July 26, 2023

Lessons From Our Dog’s Death

On my birthday, I took our Boxer, Dustin, to the vet because he had a bad cough that had persisted for a day. He hadn’t slept the night before, wandering the house rather aimlessly. This was not in any way keeping with his usual sleep habits that we had grown accustomed to over the past 10 years.

We live in the desert, and our first thought was Valley Fever, a common illness among dogs. I left Dustin at the vet for his exam, and when I went back to pick him up, the look on the vet’s face said it all: something was terribly wrong.

His chest cavity was filled with 400 milliliters of fluid. Worse still, there were spots on his lungs that were indicative of cancer. The doctor said that it would not be inappropriate to ask him to put Dustin to sleep.

I couldn’t. Not without talking with my husband first. The vet told me that he could drain the fluid so he would be comfortable, and then we would need to see a veterinary oncologist immediately.

Thankfully, the oncologist that had cared for our previous Boxer was able to see Dustin the next day. She examined Dustin and told us that the cancer had metastasized, and that the prognosis was not good. We decided to move forward with chemotherapy. The best-case scenario was a few more months to a year, and we decided that it was worth the expense to have whatever additional time we could with our special boy.

But it was not to be. 10 days after he was diagnosed, we made the agonizing decision to let him go, as we could not allow him to suffer any longer. The chemotherapy simply could not get ahead of the cancer.

We created a small altar with the photo and the urn of Dixie, his predecessor, and adorned it with medals of the saints. I placed my Rosary there along with a vial of Holy Water from Our Lady’s home in Ephesus and lit a candle.

A vet who specializes in euthanasia made space for us in his calendar and came to our home so Dustin could die in a familiar environment surrounded by love. True to form, Dustin rallied as soon as he saw strangers enter the house, because he always believed that anyone coming into our home was a decent person and worthy of love. He showered the vet and his assistant with kisses, and for a moment, we had the great good fortune to glimpse the pup we had known for the past decade.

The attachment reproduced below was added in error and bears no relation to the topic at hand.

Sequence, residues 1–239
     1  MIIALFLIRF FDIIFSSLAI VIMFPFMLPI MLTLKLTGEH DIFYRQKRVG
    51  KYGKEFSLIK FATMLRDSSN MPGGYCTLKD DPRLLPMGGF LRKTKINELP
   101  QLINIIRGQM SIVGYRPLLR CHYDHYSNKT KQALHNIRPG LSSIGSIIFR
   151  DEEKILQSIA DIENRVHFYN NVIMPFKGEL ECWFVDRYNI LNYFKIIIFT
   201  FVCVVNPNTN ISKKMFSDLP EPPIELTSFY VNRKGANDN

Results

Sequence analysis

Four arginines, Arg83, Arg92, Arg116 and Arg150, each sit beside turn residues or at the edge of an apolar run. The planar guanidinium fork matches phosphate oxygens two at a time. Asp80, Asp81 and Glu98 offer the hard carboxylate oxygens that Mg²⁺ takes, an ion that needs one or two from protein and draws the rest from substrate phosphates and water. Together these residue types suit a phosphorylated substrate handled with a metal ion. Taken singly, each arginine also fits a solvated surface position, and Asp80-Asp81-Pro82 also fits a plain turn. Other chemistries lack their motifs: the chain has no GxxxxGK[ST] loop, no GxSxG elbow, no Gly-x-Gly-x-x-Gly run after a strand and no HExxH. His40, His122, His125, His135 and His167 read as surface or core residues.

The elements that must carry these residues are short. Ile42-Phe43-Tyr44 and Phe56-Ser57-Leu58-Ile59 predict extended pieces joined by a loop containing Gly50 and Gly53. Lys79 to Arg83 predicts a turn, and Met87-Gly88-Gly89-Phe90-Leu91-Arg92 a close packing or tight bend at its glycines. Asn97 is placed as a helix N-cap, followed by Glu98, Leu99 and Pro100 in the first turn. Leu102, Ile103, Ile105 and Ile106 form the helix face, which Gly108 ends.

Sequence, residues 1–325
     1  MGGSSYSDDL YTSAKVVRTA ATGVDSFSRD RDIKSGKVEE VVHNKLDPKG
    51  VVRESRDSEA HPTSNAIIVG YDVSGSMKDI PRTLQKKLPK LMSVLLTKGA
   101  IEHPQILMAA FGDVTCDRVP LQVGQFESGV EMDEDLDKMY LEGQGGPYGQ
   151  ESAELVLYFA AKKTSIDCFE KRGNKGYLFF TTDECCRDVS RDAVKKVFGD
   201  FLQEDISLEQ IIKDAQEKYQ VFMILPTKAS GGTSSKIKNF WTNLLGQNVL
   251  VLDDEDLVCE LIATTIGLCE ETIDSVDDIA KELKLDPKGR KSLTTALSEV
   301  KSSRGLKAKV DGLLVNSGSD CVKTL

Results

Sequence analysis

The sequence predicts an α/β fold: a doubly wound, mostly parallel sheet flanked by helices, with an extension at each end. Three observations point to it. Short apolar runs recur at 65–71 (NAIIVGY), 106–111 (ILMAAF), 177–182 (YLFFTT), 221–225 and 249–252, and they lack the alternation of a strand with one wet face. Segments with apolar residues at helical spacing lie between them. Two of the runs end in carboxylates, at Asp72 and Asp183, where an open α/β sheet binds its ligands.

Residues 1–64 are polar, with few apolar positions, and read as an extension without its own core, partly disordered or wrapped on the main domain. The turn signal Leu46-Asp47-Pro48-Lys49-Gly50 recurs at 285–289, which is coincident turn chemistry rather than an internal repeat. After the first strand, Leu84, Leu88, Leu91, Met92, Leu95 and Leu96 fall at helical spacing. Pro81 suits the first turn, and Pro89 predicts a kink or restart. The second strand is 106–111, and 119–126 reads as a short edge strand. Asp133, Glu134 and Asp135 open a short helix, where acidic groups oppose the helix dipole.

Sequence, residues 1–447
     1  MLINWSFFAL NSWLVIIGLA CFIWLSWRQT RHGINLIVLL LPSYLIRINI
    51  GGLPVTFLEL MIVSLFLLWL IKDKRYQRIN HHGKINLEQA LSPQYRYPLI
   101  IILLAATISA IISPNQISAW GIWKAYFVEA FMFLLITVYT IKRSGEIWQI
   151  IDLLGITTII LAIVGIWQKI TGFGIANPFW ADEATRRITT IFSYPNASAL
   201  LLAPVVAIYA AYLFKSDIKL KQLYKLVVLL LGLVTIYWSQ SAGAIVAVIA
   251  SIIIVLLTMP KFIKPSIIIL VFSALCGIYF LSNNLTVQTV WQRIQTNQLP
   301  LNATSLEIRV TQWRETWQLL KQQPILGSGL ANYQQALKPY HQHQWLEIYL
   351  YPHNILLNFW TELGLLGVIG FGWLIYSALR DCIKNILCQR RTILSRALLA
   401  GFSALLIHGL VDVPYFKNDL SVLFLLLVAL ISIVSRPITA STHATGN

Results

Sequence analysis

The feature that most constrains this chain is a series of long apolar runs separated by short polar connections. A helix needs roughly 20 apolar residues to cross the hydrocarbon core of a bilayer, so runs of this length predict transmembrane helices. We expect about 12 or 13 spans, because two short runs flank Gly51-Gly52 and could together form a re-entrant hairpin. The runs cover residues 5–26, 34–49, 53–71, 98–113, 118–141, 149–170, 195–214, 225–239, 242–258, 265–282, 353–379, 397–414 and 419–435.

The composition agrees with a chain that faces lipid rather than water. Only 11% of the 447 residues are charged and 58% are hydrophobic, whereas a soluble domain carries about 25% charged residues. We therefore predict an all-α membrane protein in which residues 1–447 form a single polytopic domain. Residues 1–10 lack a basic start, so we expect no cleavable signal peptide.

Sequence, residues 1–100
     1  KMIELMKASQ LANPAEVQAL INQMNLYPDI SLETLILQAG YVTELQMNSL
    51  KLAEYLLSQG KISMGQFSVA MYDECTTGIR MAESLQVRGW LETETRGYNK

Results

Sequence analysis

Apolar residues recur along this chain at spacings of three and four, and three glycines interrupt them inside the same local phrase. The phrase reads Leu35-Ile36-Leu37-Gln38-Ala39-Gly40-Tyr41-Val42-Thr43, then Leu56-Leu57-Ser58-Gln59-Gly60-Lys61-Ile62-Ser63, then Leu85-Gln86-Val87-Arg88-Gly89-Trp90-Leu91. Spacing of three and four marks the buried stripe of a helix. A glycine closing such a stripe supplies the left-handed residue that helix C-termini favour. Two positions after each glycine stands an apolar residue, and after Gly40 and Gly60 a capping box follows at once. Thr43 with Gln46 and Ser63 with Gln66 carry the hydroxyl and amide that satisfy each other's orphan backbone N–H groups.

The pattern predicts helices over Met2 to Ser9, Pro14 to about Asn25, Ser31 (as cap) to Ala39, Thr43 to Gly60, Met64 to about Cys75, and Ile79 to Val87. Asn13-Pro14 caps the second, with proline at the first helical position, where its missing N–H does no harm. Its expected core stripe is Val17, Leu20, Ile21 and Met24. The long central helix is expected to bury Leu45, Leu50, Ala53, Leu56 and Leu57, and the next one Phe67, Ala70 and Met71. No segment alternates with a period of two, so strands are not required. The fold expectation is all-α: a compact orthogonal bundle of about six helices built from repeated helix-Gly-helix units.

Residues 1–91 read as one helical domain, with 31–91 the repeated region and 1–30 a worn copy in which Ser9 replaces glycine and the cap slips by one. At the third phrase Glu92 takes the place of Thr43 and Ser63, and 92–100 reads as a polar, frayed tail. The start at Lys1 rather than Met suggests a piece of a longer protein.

Dustin was sitting up, and we held his sweet face in our hands as the vet administered the first injection, sedating him. We gently lowered Dustin down on his bed as the sedative took effect. I blessed him with Holy Water as my husband whispered in his ear over and over “we love you.” We looked up at the vet to let him know it was time, and with that, he gave him the second injection, ending his life on earth.

As I reflect on this deeply emotional experience, here’s what I’m left with:

  • We gave Dustin the gift of our total presence. The apocalypse could have happened outside our door during that time, and nothing would have changed. We were 100 percent focused on him and only him.
  • Kindness is the most underestimated value in our culture. The vet and his assistant who came to our home gave us the gift of kindness from the time we called them on the phone until we carried Dustin’s body to the van. Kindness gets written off by some as “weakness” but the strength that it took to hold space for us in that moment was incalculable.
  • We truly never know the day or the time when we or those whom we love will be departing this world. Dustin had been in for a checkup only 30 days before his diagnosis, and the X-Rays were completely clear.

How can we use these points to help us as leaders in our church communities? We need to lead by example:

  • We need to be fully present to everyone with whom we interact. That person sitting across from us in a meeting is the very image of God whose time on earth is unknown. We need to do a better job acting like we understand this fact. Being present is as much a gift to ourselves as it is to the other.
  • We need to live the virtue of kindness going forward. If we do so, we will transform the world.
  • Life is precious and it is fleeting. We need to live every day as if it is our last, fully using every gift with which God has blessed us. That is the most powerful way to give thanks for what we have received.